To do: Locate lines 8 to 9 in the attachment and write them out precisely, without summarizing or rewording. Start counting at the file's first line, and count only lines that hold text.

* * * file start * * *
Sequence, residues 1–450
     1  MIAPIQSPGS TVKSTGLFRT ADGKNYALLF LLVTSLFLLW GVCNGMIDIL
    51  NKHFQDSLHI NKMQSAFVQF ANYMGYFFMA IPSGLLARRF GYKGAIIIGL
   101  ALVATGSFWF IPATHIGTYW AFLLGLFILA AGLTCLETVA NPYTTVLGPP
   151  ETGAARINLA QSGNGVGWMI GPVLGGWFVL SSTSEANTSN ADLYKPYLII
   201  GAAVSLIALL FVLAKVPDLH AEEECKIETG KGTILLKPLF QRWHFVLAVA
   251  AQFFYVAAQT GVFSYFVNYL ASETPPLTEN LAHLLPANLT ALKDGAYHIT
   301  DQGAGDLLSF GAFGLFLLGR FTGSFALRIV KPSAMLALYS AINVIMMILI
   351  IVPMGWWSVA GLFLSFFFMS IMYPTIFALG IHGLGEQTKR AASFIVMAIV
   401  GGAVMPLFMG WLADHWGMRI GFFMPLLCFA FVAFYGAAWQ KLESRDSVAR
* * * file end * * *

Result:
   301  DQGAGDLLSF GAFGLFLLGR FTGSFALRIV KPSAMLALYS AINVIMMILI
   351  IVPMGWWSVA GLFLSFFFMS IMYPTIFALG IHGLGEQTKR AASFIVMAIV